In 1942, Irena Sendlerowa, an employee of the Social Welfare Department, was working as a volunteer. Under the pretext of conducting sanitary inspections, Irena has been bringing clothes, food and medication to the ghetto. But after witnessing the Nazis inhuman treatment of the Jews she decides that she has to do more. Irena organizes her colleagues, family, and friends and together they begin to rescue children from the ghetto.
Irena is a French bande dessinée (BD) that follows the exploits of Irena Sendlerowa, a social worker who worked as a volunteer in the Warsaw ghetto. I had never heard of Ms. Sendlerowa, as I’m more familiar with Winston Churchill, Joseph Stalin, Franklin Roosevelt – men whose names are remembered because of their role in the Second World War. But there are thousands of men and women who contributed to fighting against the Axis, and Irena Sendlerowa is such a heroine.
The BD’s art reminded me of a child’s comic, it’s cartoonish style similar to Charlie Brown, and everyone who’s read Peanuts knows that nothing bad ever happens to Chuck, except missing the occasional football and falling down. But the artwork did not diminish the story it intensified it. The innocence of the artwork evaporates when you see children dressed in rags, or an elderly couple pushing a cart containing their possessions and dead bodies.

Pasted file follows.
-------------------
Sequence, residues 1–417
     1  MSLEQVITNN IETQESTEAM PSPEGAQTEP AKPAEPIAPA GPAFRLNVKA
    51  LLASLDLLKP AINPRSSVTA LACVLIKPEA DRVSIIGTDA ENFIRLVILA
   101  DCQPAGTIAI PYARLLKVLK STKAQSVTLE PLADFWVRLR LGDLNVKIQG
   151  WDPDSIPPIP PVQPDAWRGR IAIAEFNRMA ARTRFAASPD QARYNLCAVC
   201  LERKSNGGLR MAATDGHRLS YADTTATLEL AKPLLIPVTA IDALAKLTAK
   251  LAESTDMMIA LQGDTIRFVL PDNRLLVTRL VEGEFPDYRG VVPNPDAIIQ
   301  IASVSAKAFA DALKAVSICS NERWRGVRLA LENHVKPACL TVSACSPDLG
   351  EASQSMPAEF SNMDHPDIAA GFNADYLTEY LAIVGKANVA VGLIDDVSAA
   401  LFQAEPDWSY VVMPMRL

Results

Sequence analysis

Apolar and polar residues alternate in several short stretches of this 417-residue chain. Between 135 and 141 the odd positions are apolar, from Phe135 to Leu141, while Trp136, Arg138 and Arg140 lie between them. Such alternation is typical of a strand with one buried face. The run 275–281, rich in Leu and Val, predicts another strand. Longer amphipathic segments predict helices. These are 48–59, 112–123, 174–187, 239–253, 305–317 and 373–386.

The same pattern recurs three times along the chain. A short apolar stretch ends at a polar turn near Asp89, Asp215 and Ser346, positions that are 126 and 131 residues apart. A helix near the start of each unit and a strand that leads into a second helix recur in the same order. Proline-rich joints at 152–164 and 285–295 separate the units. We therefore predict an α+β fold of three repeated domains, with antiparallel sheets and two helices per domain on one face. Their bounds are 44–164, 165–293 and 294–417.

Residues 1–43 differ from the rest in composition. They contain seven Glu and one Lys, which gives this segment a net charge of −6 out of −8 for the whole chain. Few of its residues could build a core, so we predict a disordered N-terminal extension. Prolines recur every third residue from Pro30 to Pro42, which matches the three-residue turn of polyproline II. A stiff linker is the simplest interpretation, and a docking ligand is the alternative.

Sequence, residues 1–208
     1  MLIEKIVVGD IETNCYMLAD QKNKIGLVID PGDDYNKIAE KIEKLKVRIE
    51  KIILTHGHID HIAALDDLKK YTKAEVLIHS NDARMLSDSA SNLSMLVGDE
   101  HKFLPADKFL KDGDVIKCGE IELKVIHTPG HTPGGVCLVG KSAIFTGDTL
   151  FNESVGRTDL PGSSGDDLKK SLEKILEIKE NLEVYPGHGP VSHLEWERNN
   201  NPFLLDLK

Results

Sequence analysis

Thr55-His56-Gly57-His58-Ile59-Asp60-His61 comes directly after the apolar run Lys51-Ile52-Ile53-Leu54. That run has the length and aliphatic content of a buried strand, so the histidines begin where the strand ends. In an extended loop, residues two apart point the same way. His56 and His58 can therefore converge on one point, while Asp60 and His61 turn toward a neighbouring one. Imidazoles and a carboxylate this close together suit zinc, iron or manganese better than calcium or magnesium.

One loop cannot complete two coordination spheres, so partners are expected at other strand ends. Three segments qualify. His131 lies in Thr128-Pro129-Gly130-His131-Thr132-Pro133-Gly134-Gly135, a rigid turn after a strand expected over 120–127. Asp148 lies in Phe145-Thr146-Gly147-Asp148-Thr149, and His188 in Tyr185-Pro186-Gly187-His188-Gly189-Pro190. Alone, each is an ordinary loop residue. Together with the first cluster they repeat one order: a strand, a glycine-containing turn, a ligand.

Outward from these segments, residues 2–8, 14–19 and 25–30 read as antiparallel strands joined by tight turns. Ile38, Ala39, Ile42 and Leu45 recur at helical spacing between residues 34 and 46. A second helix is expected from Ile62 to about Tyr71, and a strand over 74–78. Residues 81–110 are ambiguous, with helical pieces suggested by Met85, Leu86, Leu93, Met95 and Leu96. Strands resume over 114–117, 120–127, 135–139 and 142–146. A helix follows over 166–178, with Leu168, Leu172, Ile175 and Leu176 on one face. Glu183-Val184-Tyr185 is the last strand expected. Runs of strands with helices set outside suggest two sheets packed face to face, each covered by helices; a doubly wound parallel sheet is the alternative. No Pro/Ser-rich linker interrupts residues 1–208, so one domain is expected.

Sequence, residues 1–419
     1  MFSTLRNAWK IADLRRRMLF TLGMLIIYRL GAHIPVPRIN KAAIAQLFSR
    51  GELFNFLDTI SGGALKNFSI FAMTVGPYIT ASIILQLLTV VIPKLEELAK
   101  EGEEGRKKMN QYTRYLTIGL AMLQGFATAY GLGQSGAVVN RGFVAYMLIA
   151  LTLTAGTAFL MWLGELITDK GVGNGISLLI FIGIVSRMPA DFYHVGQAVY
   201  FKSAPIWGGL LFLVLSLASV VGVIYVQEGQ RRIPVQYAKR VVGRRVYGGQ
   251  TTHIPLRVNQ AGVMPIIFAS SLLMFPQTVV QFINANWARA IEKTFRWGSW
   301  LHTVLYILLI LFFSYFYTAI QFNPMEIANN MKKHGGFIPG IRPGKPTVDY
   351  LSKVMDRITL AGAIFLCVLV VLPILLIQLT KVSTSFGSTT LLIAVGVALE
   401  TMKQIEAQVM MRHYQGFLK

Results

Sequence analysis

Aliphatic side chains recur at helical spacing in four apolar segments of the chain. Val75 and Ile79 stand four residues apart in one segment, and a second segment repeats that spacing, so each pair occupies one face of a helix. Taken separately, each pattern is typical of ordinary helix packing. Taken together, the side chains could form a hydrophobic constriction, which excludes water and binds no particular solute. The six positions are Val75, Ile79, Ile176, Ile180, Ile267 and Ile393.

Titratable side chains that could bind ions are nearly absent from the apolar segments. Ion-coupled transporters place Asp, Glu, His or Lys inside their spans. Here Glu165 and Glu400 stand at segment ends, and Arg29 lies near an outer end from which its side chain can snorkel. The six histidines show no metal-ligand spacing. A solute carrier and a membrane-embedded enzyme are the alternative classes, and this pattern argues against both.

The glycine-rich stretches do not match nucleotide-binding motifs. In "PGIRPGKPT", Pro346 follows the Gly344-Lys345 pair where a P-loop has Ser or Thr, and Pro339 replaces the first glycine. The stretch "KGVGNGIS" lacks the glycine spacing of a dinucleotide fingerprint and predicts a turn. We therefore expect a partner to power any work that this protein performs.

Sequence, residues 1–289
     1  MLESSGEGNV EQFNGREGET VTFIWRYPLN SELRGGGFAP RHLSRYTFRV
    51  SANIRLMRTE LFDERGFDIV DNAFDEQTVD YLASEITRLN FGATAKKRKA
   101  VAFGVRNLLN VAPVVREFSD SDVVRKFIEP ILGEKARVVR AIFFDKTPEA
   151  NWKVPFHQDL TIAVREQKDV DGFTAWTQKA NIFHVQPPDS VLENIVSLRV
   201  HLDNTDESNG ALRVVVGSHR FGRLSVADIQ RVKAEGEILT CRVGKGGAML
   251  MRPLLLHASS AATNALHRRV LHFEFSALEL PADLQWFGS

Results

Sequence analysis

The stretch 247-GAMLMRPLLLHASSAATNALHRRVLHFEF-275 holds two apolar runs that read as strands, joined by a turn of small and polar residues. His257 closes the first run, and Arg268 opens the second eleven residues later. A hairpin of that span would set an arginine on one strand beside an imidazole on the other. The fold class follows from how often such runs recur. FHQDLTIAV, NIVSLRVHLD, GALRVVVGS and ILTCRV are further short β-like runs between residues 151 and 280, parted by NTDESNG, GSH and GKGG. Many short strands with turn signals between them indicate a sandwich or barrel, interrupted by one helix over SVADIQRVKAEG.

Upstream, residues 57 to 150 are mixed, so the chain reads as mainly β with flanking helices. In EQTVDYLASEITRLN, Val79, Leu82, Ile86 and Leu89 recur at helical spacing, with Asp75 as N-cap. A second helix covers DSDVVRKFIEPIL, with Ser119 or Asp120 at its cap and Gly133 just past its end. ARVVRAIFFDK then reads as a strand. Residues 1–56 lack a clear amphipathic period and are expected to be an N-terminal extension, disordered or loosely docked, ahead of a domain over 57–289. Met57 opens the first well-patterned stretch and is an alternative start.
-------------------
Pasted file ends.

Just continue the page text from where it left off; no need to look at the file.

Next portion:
As the story unfolds you learn about Warsaw and its transformation under the Nazis. Laws are passed to strip the Jews of their money and legal rights. Eventually more than three hundred thousand were forcibly relocated to the ghetto before it was closed off from the rest of the world. In this climate of despair we see ordinary people helping one another to survive. Ordinary Polish citizens, many of whom have grown frustrated with the Nazi occupation, assist Irena in her mission. Despite the risks of being imprisoned or killed they put aside their fear and engage in an act of defiance in order to help their fellow human being.
The series jumps from the past, present and future – taking the reader along for an emotional ride. As a student of history I understand the importance of the holocaust but that does not make it any easier to read about mass murder. The Warsaw Ghetto is one of the darkest chapters of the Second World War and discovering a heroine who worked within the ghetto, then decided to risk everything in order to save the lives of thousands was unexpected and wonderful. The story is sad but it also has a lot of heart. Although you might shed a few tears reading Irena you will also find yourself smiling at the courageous acts of an incredible, resilient woman.
We have more books and films about Irena, if you’re interested in learning more about her.
- Daniel Bohémier